by Victor Davis Hanson
These past four years, Donald Trump, intentionally or not, became a CT scanner that produced three-dimensional images of the innards of elite institutions and people, showing us what is beneath their veneers. He had an eerie manner of replying to critics in such an upstart fashion that those who objected to his supposed crudity proved cruder in repartee than he. And he showcased his successes for America in such a way as to make his enemies wish that successes for their country were failures instead.
If one suspected before 2017 that White House CNN correspondent Jim Acosta was a lightweight blowhard, be now confirmed you had been naïve in such a balanced assessment.
If you had thought Hillary Clinton was becoming unstable during the Obama years, in the Trump era she ended up hiring two-bit ex-spies to cobble together lies about her opponent, jabber about La Résistance, and urge candidates never to concede an election.
If you once concluded that over-meddlesome Twitter, Google, and Facebook were massaging accounts, searches, and postings in a partisan fashion, after Trump you saw they were creepy Big Brothers with no apologies for warping the Internet.
If in the old days, a busybody Michael Bloomberg seemed a whiny scold with unlimited money he intended to use to get his way, after Trump he became an obsessed politico who threw $100 million here, another $100 million there to stop Trump. In the end, Bloomberg proved only that he knew a lot about making money but not so much about how to spend it.
So what was strange in the age of Trump was not just the Left’s unhinged hatred of the president (we had seen that before, during the George W. Bush Administration, when the president was tarred as a Brownshirt, a Nazi, and a fascist), but a new sanctimonious and unapologetic furor among establishmentarians of all stripes.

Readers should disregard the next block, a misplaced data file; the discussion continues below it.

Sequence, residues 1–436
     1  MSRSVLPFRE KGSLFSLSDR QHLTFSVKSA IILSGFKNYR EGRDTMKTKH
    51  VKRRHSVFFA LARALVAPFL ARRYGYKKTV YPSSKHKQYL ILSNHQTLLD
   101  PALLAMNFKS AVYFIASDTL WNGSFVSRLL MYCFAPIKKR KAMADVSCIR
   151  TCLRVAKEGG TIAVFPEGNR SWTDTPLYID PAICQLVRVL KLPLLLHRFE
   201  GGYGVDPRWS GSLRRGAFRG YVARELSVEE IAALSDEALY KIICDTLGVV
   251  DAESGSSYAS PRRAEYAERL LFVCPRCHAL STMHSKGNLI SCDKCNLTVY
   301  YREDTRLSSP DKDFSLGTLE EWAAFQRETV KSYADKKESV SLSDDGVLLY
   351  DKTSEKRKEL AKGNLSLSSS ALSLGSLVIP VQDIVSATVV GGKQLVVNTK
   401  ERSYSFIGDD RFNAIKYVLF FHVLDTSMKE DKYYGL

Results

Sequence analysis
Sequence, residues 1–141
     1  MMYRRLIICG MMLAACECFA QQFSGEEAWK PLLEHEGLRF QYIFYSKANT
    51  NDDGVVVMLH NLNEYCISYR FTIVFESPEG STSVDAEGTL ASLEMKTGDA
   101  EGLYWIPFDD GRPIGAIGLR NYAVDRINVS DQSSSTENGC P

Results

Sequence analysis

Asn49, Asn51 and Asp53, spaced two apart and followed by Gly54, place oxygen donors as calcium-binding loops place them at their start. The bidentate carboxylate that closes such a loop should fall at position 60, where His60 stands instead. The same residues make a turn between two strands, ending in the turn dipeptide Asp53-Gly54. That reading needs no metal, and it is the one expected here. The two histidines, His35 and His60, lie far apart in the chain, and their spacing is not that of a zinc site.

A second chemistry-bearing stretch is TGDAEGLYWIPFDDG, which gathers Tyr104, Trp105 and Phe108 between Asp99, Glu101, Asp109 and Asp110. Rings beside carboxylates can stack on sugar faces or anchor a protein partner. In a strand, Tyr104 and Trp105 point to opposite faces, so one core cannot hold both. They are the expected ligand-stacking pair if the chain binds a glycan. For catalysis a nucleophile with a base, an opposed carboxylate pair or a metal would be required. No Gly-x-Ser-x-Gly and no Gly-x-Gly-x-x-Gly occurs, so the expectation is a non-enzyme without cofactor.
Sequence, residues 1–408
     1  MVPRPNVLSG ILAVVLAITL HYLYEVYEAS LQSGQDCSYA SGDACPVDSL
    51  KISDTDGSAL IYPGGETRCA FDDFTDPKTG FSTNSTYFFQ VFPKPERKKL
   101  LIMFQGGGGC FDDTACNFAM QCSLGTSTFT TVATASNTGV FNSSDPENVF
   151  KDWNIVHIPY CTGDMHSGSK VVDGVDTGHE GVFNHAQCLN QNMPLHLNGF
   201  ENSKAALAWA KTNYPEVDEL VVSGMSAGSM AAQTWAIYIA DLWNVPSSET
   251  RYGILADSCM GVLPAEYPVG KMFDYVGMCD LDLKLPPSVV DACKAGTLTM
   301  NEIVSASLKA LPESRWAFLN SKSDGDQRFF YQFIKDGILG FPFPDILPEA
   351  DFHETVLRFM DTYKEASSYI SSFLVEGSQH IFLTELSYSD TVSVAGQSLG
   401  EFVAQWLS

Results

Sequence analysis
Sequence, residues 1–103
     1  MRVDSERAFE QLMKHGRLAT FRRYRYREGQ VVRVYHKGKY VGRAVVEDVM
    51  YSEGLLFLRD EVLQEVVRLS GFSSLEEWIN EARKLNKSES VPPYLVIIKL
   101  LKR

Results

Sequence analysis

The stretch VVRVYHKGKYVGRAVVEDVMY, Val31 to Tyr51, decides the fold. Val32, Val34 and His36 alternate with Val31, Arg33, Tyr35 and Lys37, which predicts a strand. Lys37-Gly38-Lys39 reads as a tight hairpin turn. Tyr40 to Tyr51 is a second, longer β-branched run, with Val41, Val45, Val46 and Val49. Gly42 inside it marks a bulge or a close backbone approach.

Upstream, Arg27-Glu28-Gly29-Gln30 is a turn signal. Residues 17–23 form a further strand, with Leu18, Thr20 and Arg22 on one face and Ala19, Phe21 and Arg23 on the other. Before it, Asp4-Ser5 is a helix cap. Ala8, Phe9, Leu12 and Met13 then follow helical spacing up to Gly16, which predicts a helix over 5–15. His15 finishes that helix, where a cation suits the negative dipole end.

Trump, in their view, violated all rules of polite behavior, of presidential comportment, of beltway protocols. So they felt no compunction in revealing their own low methods of opposing him on their own theory that only scoundrels might ferret out other alleged scoundrels.
They were fond of trite superlatives—“the worst in history,” “never before,” and “unprecedented,” to name a few—to claim there had never been anyone so bad as Trump before in the Oval Office. Thus, he should be sued for enriching himself (he reportedly has lost $1 billion in net worth since 2017), declared crazy for not consulting the right experts (he aced the Montreal Cognitive Assessment Test), investigated by a special prosecutor for being libeled by Hillary Clinton’s libelous purchased dossier, and impeached for bringing up the Biden name to Ukrainian aid-seeking connivers (Google the 65 million matches for an otherwise nonentity “Hunter Biden”).
Grandiose Kristallnacht Fantasies
The spleen, the hypocrisy, and the often unethical nature of these anti-Trump writs revealed Washington fixtures to the public as something very opposite to what they had claimed to be.
Take the obvious example of the media.
Christiane Amanpour last week claimed on CNN that the Trump years were like Kristallnacht, as she compared the Trump Administration to the genocidal Nazi assault on civilization. In her self-revelation of ignorance and unhinged hatred, Amanpour—who warned us shortly after the election that she (like Jim Rutenberg of the New York Times and Univision’s Jorge Ramos) could no longer be a disinterested journalist—apparently believes Trump is an outright Nazi.
No matter that Trump earned unusual Republican support from minority voters, is likely the most popular American president in Israel since the founding of the Jewish State, achieved the lowest black and Latino peacetime unemployment on record, and did not engage in a preemptory war during his tenure. No, to the discredited Amanpour he is no different from the regime that liquidated 6 million Jews and plunged the world into a miasma that cost 70 million dead.
New York Times columnist Tom Friedman, at a time of civil discord over the presidential election, recently poured gasoline onto the national fire by urging his audience to subvert Georgia election law by moving there and establishing temporary residence to vote in the January 5 senatorial runoff: “I hope everybody moves to Georgia, you know, in the next month or two, registers to vote, and votes for these two Democratic senators.”
Apparently former Democratic presidential candidate Andrew Yang is boasting that he has already marched to Georgia. Neither seemed to worry that moving to a state for the sole purpose of establishing transitory residence to vote, and thus to help undermine an election, is a felony in most states.